So you’ve finally grown tired of the expense, hassle, and so-so results from your local lab, and have decided to take the plunge and get yourself a scanner. As someone who spends a lot of time producing scans of negatives and slides, I say good choice — taking control of your images is both a lot of fun and deeply rewarding. But it can also be intimidating and confusing.
What kind of scanner is best? How do I know what settings to use? How much post-scan processing will I need to do? If what I’ve seen on on-line forums is a reliable indicator, clear and basic information is hard to come by. And that’s what I hope to provide with this series of articles. So let’s get started!
Before you go shopping for a scanner, the first thing you need to do is take a moment and ask yourself this question: Why do I want to make scans? Is it to show your film images to friends via Facebook, FriendFace, or Flickr? To archive decades worth of film shooting? Or maybe it’s so you can make high-quality prints from film capture? Some combination of these? Each scenario is different and leads down a different equipment and processing path.
Scanning brings to mind an old saying attributed to NASA engineers: “Fast, cheap, good — pick any two.” Yes, you can have fast and cheap, but forget about good. Or, you can have good and fast, but you’ll pay through the nose. And so on. All scans require effort on your part — how much depends largely on what you want the images for. The take-away message here is that if you want high-quality scans of those boxes of slides you’ve got tucked away in the hall closet, forget it unless you want to spend the rest of your days scanning. Alternatively, you could send the slides out to scanning service, but then you’re going to be running up a pretty big tab. Realistic goals and expectations are the key to scanning happiness.
While you’re mulling that over, let’s tackle the subject of “archiving” head on. If your goal is to make a bunch of scans to digitally preserve your photo collection, my advice would be don’t. Scans of sufficient quality are going to take so long and require so much storage (which will require on-going baby sitting) that you’ll probably abandon the project long before you finish it. But even the notion of producing archival output is misguided for several reasons. First, your negatives and slides are already effectively “archival.” Second, no matter how good your scan is, you’d be nuts to throw away your film materials. No scan is ever going to contain as much data as the original source. Third, let me invoke Gary’s rule of archival storage: Any archival system that requires regular intervention on the part of the user, will eventually fail. In other words, the less you have to do and the less often you have to do it, the more likely your data will survive into the future. Few archival regimes are as robust as a shoebox full of negatives properly stored away from heat and humidity.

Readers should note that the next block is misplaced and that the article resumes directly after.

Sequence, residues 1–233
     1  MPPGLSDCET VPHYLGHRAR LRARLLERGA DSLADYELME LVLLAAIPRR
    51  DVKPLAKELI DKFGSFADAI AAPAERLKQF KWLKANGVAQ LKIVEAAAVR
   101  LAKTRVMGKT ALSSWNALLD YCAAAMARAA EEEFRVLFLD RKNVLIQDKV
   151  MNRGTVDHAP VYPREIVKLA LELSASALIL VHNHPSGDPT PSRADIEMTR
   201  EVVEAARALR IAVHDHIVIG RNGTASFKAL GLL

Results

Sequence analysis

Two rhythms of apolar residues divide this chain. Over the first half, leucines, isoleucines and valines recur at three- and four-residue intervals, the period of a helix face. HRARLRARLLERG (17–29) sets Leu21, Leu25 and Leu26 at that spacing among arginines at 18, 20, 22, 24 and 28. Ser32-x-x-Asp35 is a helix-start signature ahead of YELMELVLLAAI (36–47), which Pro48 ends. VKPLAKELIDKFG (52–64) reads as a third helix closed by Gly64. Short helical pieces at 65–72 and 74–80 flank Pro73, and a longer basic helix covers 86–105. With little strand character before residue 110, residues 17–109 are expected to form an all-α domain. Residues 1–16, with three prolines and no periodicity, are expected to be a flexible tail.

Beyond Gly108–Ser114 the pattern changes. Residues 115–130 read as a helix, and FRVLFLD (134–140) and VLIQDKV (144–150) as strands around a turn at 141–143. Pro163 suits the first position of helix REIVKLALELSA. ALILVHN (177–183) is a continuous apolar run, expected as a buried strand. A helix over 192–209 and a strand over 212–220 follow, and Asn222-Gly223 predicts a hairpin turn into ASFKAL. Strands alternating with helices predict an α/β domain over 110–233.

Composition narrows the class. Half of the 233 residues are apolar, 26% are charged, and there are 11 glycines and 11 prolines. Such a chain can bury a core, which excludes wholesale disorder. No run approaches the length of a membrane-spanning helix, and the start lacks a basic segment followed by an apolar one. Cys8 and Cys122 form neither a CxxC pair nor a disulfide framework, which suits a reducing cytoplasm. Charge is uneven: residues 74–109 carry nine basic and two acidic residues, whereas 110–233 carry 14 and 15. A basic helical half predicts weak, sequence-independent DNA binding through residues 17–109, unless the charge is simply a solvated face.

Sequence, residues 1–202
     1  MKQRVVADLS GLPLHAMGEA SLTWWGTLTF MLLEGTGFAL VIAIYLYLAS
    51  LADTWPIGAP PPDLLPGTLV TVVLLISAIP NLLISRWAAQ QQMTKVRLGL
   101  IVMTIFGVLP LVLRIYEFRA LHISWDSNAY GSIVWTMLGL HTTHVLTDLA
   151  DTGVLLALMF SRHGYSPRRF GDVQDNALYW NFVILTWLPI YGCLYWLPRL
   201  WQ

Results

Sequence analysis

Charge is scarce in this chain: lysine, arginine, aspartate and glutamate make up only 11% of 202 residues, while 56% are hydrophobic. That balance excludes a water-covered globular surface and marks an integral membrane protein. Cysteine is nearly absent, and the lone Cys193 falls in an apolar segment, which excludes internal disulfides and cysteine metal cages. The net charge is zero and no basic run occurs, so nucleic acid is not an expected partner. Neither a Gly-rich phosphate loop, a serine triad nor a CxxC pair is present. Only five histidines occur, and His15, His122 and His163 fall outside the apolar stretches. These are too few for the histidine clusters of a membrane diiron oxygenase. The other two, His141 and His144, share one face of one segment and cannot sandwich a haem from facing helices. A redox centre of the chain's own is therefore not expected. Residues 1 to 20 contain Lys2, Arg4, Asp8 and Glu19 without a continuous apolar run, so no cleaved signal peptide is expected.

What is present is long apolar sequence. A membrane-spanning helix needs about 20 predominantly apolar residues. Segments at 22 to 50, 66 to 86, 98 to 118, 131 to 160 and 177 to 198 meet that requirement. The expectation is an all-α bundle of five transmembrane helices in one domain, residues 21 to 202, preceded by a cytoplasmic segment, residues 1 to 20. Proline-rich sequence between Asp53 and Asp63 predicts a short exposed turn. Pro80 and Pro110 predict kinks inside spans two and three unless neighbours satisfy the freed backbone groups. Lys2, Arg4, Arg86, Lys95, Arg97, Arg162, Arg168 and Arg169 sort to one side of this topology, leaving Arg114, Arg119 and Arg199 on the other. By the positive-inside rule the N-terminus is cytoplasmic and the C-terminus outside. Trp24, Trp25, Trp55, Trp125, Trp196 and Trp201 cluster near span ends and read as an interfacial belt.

Having said all that, there are still lots of reasons why you’d want to scan your film. After all, as I said at the outset, I spend plenty of time doing so myself. In the next installment we’ll get into the various types of scanners available and which is best.
(Did you find this article interesting or helpful? If so, consider using this link the next time you shop at Amazon.com. Better yet, bookmark it for future use. Thanks to Amazon’s associates program, doing so costs you nothing yet helps keep this site up and running. Thanks!)